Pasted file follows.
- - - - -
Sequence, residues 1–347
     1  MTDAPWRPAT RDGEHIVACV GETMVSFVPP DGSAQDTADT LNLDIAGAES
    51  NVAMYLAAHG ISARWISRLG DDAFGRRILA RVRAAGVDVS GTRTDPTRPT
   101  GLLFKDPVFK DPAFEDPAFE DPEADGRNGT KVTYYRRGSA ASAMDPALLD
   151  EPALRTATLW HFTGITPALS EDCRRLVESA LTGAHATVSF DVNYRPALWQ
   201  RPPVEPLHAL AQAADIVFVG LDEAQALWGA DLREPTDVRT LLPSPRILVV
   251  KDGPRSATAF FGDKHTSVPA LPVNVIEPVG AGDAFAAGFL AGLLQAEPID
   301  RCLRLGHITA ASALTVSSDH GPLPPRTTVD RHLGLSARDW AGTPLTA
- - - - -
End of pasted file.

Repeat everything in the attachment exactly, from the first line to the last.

Sequence, residues 1–347
     1  MTDAPWRPAT RDGEHIVACV GETMVSFVPP DGSAQDTADT LNLDIAGAES
    51  NVAMYLAAHG ISARWISRLG DDAFGRRILA RVRAAGVDVS GTRTDPTRPT
   101  GLLFKDPVFK DPAFEDPAFE DPEADGRNGT KVTYYRRGSA ASAMDPALLD
   151  EPALRTATLW HFTGITPALS EDCRRLVESA LTGAHATVSF DVNYRPALWQ
   201  RPPVEPLHAL AQAADIVFVG LDEAQALWGA DLREPTDVRT LLPSPRILVV
   251  KDGPRSATAF FGDKHTSVPA LPVNVIEPVG AGDAFAAGFL AGLLQAEPID
   301  RCLRLGHITA ASALTVSSDH GPLPPRTTVD RHLGLSARDW AGTPLTA